(5.54) Thus, having checked thoroughly for delusions
And minds that are drawn to meaningless things,
Courageous practitioners should hold their mind steady
Through applying the appropriate opponents.
(5.55) With complete certainty, strong faith,
Steadfastness, respect, politeness,
Sense of shame, fearfulness, and inner peace,
I should strive to bring joy to others.
Here, Shantideva outlines the main causes and conditions necessary for our practices of guarding the mind and moral discipline.
First, we need constant mindfulness of what we are doing with all of our bodily, verbal and mental actions. If we are not aware of what we are doing nor seek to improve it, we will never change, but continue to be blown by the winds of our delusion and negative karma. If instead we remain mindful of our behavior, we will become aware of our mistakes and learn how we can do even better. In this way, we gradually improve and overcome all our faults.
Second, we need complete certainty about the objects to be abandoned and the objects to be attained. For as long as we grasp at our outer problem as being our problem, we will remain confused about what is to be abandoned and what is to be attained. We will waste all of our energy seeking to change our external circumstance and invest little in changing our own mind. For me, the most important distinction on the spiritual path is between our outer problem and our inner problem. If we are clear about the difference between the two, we will naturally seek two types of solutions: outer solutions for solving our outer problems and inner solutions for our inner problems. Happiness depends on peace of mind, delusions destroy our peace of mind, virtue is enhances our peace of mind, our mind goes on into countless future lives. When we are clear on these fundamentals, the objects to be abandon and the objects to be attained become self-evident. We have certainty in our practice.
Third, we need strong faith. Venerable Tharchin explains that the key to effort is realizing the methods actually work. When we see our spiritual goals are doable because the methods we have are reliable, then effort becomes “effortless.” When, however, we believe our spiritual goals are unattainable and we have no idea how to accomplish any of them, effort will be almost impossible. As Buddhists, we generate faith in Buddha Shakyamuni as somebody who has actually completed the path himself. Because he has “been there, done that” we know he knows what he is talking about. To generate faith in the Dharma, we are encouraged to test the instructions out for ourselves. We are encouraged to be inner scientists who verify the truth of Dharma for ourselves. Everyone who has put his instructions into practice has confirmed for themselves their efficacy. To generate faith in Sangha, we learn from their example, both their successes and their mistakes. With faith, we will know we are on the right track and that if we put the instructions into practice, we will enjoy all of the results indicated by the instructions.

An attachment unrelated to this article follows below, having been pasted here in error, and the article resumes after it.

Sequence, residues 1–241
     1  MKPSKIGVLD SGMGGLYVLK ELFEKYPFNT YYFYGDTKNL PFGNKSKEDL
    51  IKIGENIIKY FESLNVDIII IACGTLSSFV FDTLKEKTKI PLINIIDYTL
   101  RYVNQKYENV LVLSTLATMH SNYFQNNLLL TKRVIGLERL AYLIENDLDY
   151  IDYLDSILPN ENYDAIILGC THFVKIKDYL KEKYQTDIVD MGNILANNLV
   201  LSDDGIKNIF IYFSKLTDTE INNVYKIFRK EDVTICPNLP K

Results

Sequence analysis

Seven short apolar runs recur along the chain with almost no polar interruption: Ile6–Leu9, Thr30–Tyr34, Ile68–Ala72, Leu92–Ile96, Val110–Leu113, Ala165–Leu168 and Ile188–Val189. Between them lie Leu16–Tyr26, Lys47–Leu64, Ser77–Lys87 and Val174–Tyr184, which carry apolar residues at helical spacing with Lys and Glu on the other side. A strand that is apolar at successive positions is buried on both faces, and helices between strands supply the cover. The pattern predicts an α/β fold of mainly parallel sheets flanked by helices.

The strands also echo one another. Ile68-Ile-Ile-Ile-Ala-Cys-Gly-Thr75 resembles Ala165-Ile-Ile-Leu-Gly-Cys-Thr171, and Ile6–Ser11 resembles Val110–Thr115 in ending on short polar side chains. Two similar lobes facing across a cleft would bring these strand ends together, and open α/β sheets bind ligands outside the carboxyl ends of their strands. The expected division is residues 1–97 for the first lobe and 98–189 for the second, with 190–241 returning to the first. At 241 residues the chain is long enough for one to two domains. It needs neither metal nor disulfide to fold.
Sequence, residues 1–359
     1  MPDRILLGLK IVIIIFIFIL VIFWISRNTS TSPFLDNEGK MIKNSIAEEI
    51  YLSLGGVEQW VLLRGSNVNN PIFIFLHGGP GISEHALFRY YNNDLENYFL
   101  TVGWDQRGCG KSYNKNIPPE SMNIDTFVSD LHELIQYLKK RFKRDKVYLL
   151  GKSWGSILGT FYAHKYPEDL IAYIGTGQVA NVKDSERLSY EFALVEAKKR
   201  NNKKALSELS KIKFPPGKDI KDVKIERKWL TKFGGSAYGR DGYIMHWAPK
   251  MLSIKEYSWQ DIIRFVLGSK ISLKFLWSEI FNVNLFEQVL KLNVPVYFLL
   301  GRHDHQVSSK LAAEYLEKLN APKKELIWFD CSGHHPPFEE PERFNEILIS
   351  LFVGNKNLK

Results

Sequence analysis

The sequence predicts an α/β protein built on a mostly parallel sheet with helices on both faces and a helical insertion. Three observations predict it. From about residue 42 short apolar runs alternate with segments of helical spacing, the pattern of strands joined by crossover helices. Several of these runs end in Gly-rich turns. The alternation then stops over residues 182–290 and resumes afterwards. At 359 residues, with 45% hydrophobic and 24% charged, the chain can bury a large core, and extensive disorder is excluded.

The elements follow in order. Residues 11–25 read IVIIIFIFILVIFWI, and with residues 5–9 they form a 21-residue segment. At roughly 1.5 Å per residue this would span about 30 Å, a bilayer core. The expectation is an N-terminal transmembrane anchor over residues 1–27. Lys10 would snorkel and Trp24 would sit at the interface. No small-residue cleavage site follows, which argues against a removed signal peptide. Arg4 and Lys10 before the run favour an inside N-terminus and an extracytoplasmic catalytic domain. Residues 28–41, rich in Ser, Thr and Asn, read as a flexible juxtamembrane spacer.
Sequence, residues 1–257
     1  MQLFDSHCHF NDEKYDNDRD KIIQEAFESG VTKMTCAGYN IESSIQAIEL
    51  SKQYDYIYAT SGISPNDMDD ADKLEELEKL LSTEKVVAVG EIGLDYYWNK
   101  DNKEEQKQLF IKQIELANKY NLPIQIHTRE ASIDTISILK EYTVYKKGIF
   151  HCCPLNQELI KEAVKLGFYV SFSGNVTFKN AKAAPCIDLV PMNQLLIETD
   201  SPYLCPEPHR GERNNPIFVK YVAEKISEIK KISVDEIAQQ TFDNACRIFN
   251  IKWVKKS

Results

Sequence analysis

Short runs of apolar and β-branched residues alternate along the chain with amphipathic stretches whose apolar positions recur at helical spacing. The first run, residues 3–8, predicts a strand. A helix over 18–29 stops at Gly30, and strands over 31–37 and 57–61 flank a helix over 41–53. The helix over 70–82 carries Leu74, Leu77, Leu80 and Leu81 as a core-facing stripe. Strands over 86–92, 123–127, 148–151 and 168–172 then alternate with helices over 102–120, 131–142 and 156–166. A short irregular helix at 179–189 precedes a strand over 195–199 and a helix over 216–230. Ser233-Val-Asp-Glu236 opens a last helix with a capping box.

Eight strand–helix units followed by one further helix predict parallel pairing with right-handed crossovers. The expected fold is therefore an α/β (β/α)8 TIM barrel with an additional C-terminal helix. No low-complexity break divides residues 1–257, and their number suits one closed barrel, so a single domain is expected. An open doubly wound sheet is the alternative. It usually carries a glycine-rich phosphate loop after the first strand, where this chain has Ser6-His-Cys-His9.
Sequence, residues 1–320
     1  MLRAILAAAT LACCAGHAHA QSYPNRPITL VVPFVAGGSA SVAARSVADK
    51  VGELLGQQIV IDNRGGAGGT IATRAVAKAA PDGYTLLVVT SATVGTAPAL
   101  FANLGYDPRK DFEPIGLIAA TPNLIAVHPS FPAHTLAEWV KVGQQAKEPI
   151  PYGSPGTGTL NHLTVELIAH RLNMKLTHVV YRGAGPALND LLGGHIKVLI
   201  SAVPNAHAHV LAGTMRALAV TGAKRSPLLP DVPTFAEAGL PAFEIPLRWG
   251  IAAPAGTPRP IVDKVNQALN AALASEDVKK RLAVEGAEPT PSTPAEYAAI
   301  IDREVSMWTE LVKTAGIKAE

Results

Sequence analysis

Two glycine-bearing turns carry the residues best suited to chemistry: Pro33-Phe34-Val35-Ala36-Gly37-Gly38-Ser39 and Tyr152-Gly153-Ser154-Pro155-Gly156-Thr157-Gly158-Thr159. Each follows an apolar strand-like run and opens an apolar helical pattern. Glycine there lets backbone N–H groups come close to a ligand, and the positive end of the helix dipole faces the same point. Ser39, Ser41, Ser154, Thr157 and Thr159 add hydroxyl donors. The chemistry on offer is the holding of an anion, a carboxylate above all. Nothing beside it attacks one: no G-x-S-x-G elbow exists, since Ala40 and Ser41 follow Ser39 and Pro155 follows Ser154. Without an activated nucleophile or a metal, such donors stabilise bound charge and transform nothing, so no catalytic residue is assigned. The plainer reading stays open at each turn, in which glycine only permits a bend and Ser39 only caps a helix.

Fourth, we need steadfastness, the mind that is undeterred by spiritual adversity. We have a vajra-like mind that is prepared to do “whatever it takes” to accomplish our spiritual goals, no matter how hard it might be and no matter how long it might take. Because we have methods that work, if we never give up, our eventual enlightenment is guaranteed.
Fifth, we need respect. When we have respect for somebody, we look up to them and we naturally seek to fulfill their wishes. If we respect our spiritual teachers, we will admire their many good qualities and wish to emulate them; and we will naturally wish to fulfill their wish for us to make progress along the spiritual path. If we respect living beings, we will admire their good qualities and rejoice in their virtues, and we will naturally cherish others and put their interests first.
Sixth, we need politeness. If we do not act in ways that are consistent with societal norms and expectations, then people will view us strange and have no wish to enter the spiritual paths we follow. Without politeness, people will find us abrasive and naturally reject our advice, even when it is exactly what they need.
Seventh, we need a sense of shame and fearfulness. A sense of shame is not guilt. Guilt is anger towards ourselves and a non-acceptance of the fact that we are not perfect. A sense of shame seeks to avoid faults for reasons concerning ourself, such as wishing to live up to certain ideals or even simple fear of taking lower rebirth if we do not. Fear is not a delusion if the object of our fear is valid. We should fear delusion, negativity, lower rebirth, rebirth in samsara and all those we love taking rebirth in samsara. These fears protect us from making mistakes and the provide constant encouragement to do the right things.
Finally, we need inner peace. If our mind is unpeaceful, it is necessarily uncontrolled. If it is uncontrolled, we will have no ability to bring our behavior under control and our actions will remain faulty. The more peaceful our mind is the more control we will have over our behavior.
And what should we do with these eight inner causes and conditions? We should dedicate ourselves to bringing joy to the world. Normally people bring only problems, but as bodhisattvas we strive to bring joy and meaning to others. Our path is called the Joyful Path not just because it is such a delight to travel it, but also because it is the purpose of our path, namely bringing joy to others.